After seeing the interest on GardenDrum about my earlier post on grafted flowering gums, I feel there needs to be some follow up on the subject. A lot of comments generated by that blog suggested to me that many gardeners have had very mixed results with these plants.
The process of grafting is an age old technique that goes back thousands of years in Asia and Europe and can provide a variety of advantages to a plant grower. For instance, in grape growing the use of Phylloxera- (a root aphid that devastates vines) resistant rootstocks has restored viability to the commercial production of grapes in many parts of the world. In other cases such as citrus and roses, tough rootstocks provide resistance to root rotting fungal diseases that can kill or severely impair plants.
Grafting also makes possible the propagation of many woody plants that may be difficult to propagate otherwise, such as by cuttings. Many of the variegated forms of northern hemisphere deciduous trees such as claret ash fall into this category. Another function for grafting is the production of weeping standard plants where a prostrate form of a species such as weeping flowering cherry is grafted onto a tall rootstock to create a cascading plant.
In the case of flowering gums the purpose of grafting is twofold. First, it is about making it possible to propagate them successfully on a commercial basis. They are almost impossible to propagate routinely by cuttings and so grafting makes it possible to routinely multiply a superior selection. Secondly, the Western Australian flowering gum (Corymbia ficifolia) does not perform well in the hotter, more humid climates of places like Sydney and Brisbane and grafting them onto species such as spotted gum (Corymbia maculata) theoretically should make them more vigorous in these areas.
The problem for me is that I am seeing a lot of problems with grafted flowering gums in gardens and parklands and the supposed advantages of grafting do not always meet with the realities of real life situations. I would love to get feedback from you if you have had either a good or bad experience with grafted flowering gums so we can build knowledge base on the subject. My hunch is that there are several contributing factors so if any of these ring a bell with you then it would be fantastic if you could send in a photo or a comment outlining your experience.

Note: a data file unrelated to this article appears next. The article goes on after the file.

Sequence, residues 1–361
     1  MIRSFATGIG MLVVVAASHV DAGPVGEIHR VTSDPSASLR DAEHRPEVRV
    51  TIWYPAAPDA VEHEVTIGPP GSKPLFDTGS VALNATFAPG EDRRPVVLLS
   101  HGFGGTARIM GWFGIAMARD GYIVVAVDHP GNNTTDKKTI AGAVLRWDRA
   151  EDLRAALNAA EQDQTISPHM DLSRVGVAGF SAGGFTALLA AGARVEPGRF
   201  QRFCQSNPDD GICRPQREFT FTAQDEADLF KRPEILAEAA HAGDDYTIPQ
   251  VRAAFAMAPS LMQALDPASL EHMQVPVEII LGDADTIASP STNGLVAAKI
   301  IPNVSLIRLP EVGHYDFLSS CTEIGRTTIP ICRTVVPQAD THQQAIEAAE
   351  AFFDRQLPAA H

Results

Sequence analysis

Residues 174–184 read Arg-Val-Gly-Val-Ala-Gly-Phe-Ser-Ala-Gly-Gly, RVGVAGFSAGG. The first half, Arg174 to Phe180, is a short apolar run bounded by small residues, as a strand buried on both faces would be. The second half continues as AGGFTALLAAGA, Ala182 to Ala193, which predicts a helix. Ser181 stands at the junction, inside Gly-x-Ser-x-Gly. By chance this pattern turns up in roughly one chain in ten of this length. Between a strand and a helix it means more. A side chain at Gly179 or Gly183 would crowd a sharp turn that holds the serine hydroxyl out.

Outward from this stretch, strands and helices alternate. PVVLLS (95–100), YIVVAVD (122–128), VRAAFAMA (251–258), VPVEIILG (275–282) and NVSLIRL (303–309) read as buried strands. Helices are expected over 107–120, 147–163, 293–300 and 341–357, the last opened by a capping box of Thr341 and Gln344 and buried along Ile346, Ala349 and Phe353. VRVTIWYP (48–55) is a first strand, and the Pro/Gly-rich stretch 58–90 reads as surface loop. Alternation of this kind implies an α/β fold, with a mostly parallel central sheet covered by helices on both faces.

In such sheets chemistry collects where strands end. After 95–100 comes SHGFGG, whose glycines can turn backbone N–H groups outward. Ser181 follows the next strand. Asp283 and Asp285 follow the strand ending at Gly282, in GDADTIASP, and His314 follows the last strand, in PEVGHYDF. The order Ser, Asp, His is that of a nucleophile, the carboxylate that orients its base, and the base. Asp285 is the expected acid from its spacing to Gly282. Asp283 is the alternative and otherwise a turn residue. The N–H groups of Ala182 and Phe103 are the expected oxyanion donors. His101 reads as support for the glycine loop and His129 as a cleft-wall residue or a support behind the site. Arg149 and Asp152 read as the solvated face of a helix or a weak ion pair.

The first thing to look for when there are problems with the graft union of a flowering gum is abundant suckering of the rootstock (see photo above). Other signs are an overall lack of vigour in the tree as well as dieback in the shoot tips. These problems can manifest in the first months after a graft is done but they can also take years to show up such that a tree may grow quite well and then all of a sudden the graft union deteriorates and the tree shows symptoms such as those listed above.
My suggestion to avoid problems is to look for young trees that are not showing any signs whatsoever of suckering from the rootstock and also ones that have a graft union that is evenly matched in diameter between the rootstock and scion and has signs of vigorous growth on top of the tree. Also ensure that there is no sign of the tree being root bound by asking a sales assistant to remove the tree from its pot so you can check the root system.
[Postscript – GardenDrum reader Jeff Howes in Sydney has kindly sent in a photo of his red-flowering marrii from Western Australia, Eucalyptus calophylla var ficifolia – see Jeff’s comments below about growing this as an alternative to a grafted form.]
[You can now learn all about pruning your flowering gum in a new post by Angus, How to prune a flowering gum]